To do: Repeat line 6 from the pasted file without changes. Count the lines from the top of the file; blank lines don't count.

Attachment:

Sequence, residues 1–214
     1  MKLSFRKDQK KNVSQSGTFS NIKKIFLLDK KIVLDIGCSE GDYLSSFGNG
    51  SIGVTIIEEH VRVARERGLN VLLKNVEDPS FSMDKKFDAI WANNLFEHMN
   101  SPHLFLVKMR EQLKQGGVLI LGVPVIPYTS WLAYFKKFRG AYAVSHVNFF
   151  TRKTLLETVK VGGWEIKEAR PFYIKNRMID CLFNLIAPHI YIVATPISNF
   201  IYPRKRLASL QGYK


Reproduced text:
   201  IYPRKRLASL QGYK